shabbos candles

The Shabbos Weekly
Halachos Series on Hilchos Shabbos

shabbos candles

Published by
Pirchei Shoshanim

A Project of
The Shema Yisrael Torah Network

Based on the Shiurim Given by

Rabbi Dovid
Ostroff, shlita

developed from the Chabura of the
Pirchei Shoshanim Shulchan Aruch Learning Project

These Halachos were shown by Rabbi Ostroff to
HaGaon HaRav Moshe Sternbuch, shlita



Questions for the Week of Parshas Toldos

If a Jew accidentally cooked on Shabbos, may the food be eaten on Shabbos?

From a customary perspective it would seem a bit far fetched to envisage a frum Jew cooking on Shabbos, so what’s the issue? Firstly, as will soon be described, it is indeed possible. Secondly, this applies to all Shabbos violations such as performing prohibited borer (separating), or accidentally switching on lights.

Please provide an example of accidental cooking.

A classic example: the halacha states that food is susceptible to the prohibition of cooking prior to being fully cooked, [1] - which means; one may not move a pot of food – which is not yet fully cooked – to a hotter spot on the hotplate or blech; one may not cover such a pot of food with a towel or any covering, [2] because both activities hasten the cooking process.

If one removed the lid from the pot of food and discovered that the food is not fully cooked, it may not be returned to the pot for any money in the world, as it will cause a Shabbos violation of cooking. [3]

An even grosser violation would be pouring boiling water from an urn onto a teabag.

So what’s the answer?

We find a machlokes [4] between R’ Yehuda who holds that one who did a melacha accidentally (b’shogeig) may not consume that food until after Shabbos. The prohibition includes the person responsible and others. R’ Me’ir holds that he and others may consume the food on Shabbos.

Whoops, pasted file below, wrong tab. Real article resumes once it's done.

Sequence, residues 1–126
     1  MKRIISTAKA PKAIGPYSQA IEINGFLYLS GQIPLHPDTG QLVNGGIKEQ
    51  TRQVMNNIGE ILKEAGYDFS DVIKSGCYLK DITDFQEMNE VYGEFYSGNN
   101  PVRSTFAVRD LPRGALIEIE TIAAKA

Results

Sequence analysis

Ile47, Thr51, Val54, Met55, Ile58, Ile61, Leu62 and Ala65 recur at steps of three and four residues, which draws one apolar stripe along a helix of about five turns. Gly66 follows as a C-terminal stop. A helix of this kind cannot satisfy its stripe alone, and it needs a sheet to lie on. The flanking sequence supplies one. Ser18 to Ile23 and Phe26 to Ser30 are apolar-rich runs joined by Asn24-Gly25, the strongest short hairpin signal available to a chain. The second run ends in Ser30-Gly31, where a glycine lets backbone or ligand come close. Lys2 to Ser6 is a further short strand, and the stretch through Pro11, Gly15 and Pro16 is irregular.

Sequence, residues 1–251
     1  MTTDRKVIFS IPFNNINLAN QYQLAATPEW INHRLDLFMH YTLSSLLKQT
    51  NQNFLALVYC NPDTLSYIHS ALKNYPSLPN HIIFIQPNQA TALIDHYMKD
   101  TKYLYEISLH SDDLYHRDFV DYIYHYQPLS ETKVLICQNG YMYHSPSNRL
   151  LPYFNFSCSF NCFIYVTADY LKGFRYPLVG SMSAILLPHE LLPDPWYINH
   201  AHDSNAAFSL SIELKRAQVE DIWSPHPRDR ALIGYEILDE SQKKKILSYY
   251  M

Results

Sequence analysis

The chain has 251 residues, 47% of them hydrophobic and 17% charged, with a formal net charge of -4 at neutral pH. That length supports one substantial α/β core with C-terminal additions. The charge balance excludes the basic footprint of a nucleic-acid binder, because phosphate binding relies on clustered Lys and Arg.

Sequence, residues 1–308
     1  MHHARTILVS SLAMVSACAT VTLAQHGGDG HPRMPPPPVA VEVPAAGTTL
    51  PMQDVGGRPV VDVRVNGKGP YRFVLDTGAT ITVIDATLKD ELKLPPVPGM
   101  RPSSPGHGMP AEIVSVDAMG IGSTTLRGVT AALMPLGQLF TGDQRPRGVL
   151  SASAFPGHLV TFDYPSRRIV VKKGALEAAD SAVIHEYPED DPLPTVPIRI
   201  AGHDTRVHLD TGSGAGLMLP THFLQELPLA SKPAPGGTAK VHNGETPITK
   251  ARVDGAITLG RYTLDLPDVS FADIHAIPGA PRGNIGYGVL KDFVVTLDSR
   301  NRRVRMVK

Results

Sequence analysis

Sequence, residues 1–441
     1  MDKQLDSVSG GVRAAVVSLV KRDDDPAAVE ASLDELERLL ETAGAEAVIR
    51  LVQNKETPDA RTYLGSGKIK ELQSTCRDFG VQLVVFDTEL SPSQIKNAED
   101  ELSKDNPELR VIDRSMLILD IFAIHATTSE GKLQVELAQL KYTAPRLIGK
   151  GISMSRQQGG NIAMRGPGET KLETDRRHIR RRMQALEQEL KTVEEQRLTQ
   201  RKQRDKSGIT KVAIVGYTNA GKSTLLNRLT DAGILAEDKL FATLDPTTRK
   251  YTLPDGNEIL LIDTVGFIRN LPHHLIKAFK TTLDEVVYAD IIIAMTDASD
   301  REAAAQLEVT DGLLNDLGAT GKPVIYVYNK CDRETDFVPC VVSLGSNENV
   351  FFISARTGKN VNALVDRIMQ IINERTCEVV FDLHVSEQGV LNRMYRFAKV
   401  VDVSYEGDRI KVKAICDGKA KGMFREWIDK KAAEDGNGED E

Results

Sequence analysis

The Shulchan Aruch rules [5] in accordance with R’ Yehuda (in wake of most Rishonim). The Vilna Ga’on rules [6] in accordance with Tosafos who sides with R’ Me’ir.

The Mishna Berura arbitrates between the two rulings and states that in normal circumstances we follow the opinion Shulchan Aruch, meaning the food may not be consumed until after Shabbos. When necessary for the sake of Shabbos, one may rely on the Vilna Ga’on and consume the food on Shabbos as well.

But we have not finished yet.

It is imperative to know that in the cases above, when food was pushed closer to the hotspot or the pot was covered, if the food was cooked more than ma’achal Ben Derosai [7] beforehand one may consume the food on Shabbos even though a prohibited act was performed.

This is different to tealeaves that were not cooked at all.

How would you define “necessary for Shabbos”?

If one can easily manage without that dish or beverage, it is not “necessary for Shabbos”. For example, one poured boiling water onto tealeaves, thereby cooking them, as stated. In most cases one is able to substitute tea with another beverage and/or one can make another tea in a permitted manner. It is hard to envisage that tea made in a prohibited manner as “necessary for Shabbos”.

Or if potato kugel was cooked b’issur, either by covering it or pushing it closer to the hotspot before fully cooked, if it serves the main diet at the Shabbos table, it would be “necessary for Shabbos”, but if there is ample food without it, it would not be “necessary for Shabbos”.